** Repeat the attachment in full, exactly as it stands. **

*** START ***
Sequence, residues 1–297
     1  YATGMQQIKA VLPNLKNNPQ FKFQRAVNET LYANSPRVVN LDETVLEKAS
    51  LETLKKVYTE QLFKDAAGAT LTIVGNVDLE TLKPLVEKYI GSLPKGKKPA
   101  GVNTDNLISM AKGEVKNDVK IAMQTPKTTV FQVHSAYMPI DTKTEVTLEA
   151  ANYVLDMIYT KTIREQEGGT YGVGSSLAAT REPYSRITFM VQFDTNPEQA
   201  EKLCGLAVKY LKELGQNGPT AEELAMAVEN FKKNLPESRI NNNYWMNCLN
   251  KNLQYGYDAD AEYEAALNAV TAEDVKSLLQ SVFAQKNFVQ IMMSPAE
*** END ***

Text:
Sequence, residues 1–297
     1  YATGMQQIKA VLPNLKNNPQ FKFQRAVNET LYANSPRVVN LDETVLEKAS
    51  LETLKKVYTE QLFKDAAGAT LTIVGNVDLE TLKPLVEKYI GSLPKGKKPA
   101  GVNTDNLISM AKGEVKNDVK IAMQTPKTTV FQVHSAYMPI DTKTEVTLEA
   151  ANYVLDMIYT KTIREQEGGT YGVGSSLAAT REPYSRITFM VQFDTNPEQA
   201  EKLCGLAVKY LKELGQNGPT AEELAMAVEN FKKNLPESRI NNNYWMNCLN
   251  KNLQYGYDAD AEYEAALNAV TAEDVKSLLQ SVFAQKNFVQ IMMSPAE